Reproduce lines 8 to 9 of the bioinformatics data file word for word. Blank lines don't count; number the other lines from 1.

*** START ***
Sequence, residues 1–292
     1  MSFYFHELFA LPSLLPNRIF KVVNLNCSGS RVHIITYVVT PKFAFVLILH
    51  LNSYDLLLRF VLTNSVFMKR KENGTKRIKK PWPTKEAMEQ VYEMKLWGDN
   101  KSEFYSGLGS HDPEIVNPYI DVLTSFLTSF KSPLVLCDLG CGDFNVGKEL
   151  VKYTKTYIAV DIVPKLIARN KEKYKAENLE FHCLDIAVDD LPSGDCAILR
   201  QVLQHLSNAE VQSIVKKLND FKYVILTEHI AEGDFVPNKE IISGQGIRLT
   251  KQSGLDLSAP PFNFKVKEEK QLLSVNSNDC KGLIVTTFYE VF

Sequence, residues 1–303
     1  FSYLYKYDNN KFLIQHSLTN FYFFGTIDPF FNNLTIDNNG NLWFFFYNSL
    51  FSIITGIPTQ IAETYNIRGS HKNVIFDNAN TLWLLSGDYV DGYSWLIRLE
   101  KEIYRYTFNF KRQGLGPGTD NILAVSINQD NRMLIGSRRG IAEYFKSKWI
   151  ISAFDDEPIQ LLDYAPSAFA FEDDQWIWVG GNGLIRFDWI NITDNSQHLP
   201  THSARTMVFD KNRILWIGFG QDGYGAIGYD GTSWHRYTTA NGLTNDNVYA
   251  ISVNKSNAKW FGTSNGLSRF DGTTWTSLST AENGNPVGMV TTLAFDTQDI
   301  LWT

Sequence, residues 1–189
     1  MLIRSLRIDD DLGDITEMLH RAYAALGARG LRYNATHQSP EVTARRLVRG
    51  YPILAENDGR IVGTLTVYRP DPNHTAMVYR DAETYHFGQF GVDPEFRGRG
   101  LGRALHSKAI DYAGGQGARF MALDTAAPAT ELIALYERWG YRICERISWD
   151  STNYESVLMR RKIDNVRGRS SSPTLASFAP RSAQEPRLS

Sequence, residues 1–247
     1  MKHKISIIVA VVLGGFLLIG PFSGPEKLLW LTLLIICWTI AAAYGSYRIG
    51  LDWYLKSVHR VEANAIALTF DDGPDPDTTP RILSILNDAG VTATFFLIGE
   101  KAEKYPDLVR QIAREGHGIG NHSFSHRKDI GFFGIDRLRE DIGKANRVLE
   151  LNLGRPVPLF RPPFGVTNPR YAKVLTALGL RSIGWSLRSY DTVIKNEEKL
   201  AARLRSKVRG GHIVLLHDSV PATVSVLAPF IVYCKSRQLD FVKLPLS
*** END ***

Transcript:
Sequence, residues 1–303
     1  FSYLYKYDNN KFLIQHSLTN FYFFGTIDPF FNNLTIDNNG NLWFFFYNSL